This is hardly surprising given the United States’ abysmal recidivism rates. One study found that within five years of release, about 76 percent of released prisoners were rearrested. Therefore, it’s hard to ignore that the U.S. criminal justice system has failed to reform the prisoners whom it incarcerates, allowed for unequal and unjust outcomes and, in the process, racked up a huge bill for U.S. taxpayers.
Due to increasing awareness of these concerns, the pendulum of public opinion has swayed toward supporting criminal justice reform. This push for reform was clear in October 2015, when bipartisan legislation was proposed in the Senate to reduce the length of mandatory minimum sentences and ban solitary confinement for juveniles, among many other reforms.
Unfortunately, and despite diverse and powerful support, the bill languished in the Senate. Though it was crafted by senators on both sides of party lines, Trump’s law-and-order campaign brought back the “tough-on-crime” rhetoric that altered the conversation and the political dynamics. This change in tone permitted (and likely motivated) several prominent Republicans to vocally oppose the once-popular bill. Ultimately, Senate Majority Leader Mitch McConnell did not allow a vote on the proposal, deeming it too controversial and divisive.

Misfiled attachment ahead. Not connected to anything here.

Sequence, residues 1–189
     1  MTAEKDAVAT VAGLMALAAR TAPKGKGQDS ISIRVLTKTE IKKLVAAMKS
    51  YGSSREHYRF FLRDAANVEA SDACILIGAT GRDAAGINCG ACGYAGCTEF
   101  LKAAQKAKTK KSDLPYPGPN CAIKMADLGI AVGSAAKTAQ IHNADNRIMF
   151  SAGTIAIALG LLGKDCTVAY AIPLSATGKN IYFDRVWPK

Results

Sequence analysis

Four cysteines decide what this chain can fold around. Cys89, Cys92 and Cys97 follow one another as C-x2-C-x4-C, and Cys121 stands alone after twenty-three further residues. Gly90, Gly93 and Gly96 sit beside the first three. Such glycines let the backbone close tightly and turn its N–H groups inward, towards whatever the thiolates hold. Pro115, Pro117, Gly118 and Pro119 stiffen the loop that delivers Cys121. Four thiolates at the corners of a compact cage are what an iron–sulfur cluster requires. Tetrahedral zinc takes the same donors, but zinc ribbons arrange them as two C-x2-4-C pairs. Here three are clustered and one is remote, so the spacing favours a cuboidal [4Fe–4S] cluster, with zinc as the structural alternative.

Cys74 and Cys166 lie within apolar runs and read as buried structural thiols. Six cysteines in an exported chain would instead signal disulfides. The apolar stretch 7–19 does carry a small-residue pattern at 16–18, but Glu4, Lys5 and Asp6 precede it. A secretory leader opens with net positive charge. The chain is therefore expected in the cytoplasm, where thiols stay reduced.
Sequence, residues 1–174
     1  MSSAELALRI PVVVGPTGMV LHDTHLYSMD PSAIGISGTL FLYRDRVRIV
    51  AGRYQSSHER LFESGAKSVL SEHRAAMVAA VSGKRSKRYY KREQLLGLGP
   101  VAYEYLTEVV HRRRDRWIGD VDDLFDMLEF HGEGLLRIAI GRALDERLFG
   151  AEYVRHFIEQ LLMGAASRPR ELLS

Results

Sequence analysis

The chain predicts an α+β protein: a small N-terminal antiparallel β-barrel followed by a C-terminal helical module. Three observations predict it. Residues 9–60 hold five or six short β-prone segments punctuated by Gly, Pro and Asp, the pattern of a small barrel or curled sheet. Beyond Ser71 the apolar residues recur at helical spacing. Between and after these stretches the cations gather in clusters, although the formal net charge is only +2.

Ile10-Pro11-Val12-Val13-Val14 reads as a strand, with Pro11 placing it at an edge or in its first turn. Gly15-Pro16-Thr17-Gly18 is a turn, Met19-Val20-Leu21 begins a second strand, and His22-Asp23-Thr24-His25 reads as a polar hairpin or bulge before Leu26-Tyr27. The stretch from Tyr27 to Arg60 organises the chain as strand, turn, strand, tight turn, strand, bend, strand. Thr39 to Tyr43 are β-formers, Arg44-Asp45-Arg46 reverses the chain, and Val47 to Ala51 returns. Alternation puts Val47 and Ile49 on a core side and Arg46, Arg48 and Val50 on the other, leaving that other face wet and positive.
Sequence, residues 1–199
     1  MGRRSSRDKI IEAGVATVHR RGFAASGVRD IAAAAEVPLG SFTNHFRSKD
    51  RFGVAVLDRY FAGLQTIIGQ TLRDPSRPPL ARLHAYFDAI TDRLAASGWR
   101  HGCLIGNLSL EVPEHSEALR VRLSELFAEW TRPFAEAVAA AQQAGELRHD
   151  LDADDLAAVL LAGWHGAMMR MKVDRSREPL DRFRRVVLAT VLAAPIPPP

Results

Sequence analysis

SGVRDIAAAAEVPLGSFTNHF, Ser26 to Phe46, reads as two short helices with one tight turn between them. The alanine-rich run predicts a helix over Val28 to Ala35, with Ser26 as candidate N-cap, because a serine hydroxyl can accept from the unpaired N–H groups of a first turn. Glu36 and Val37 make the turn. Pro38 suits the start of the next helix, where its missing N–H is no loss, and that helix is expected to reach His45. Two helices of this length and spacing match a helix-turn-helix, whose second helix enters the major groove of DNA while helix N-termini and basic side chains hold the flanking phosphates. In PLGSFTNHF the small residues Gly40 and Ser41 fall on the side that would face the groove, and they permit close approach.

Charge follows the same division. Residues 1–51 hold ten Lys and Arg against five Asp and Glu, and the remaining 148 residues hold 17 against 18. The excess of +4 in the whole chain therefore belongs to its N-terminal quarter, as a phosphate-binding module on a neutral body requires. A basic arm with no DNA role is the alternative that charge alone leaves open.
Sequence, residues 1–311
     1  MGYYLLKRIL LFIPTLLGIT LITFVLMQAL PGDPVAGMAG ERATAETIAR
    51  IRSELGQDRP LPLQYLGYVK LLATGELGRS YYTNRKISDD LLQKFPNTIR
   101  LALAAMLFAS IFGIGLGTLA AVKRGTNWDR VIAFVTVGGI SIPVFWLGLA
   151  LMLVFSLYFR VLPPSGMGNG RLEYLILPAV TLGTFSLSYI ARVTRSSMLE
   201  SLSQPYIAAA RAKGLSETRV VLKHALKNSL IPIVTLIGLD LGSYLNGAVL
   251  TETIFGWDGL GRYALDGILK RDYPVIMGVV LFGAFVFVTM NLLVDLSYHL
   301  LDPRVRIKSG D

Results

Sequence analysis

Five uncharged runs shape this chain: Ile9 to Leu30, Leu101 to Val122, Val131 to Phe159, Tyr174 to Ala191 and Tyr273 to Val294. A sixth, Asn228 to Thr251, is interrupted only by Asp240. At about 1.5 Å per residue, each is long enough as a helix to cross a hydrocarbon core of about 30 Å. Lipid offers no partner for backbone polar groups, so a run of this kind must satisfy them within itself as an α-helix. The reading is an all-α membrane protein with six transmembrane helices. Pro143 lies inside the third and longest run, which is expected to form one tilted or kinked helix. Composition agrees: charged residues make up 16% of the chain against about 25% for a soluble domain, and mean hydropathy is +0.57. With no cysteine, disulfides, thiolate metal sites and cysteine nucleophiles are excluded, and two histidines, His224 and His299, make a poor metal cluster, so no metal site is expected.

If the failure of Congress to pass a bipartisan bill addressing mass incarceration dealt a blow to the goal of criminal justice reform, Trump’s appointment for attorney general delivered the knockout punch. The new attorney general, Jeff Sessions, was one of the Republican senators who opposed the bill and prevented its success. A look at his history on criminal justice paints a complicated picture that leans toward favoring harsh punishment over rehabilitation, which calls into question his commitment to promoting racial equality broadly and criminal justice reform specifically.
During Sessions’ confirmation hearing, Rep. Cedric Richmond (D–Calif.) said, “Sen. Sessions has advanced an agenda that will do great harm to African-American citizens and communities.” Additionally, civil rights leader Sen. John Lewis (D–Ga.) said, “Those who are committed to equal justice in our society wonder whether Sen. Sessions’ calls for law and order will mean today what it meant in Alabama when I was coming up back then.”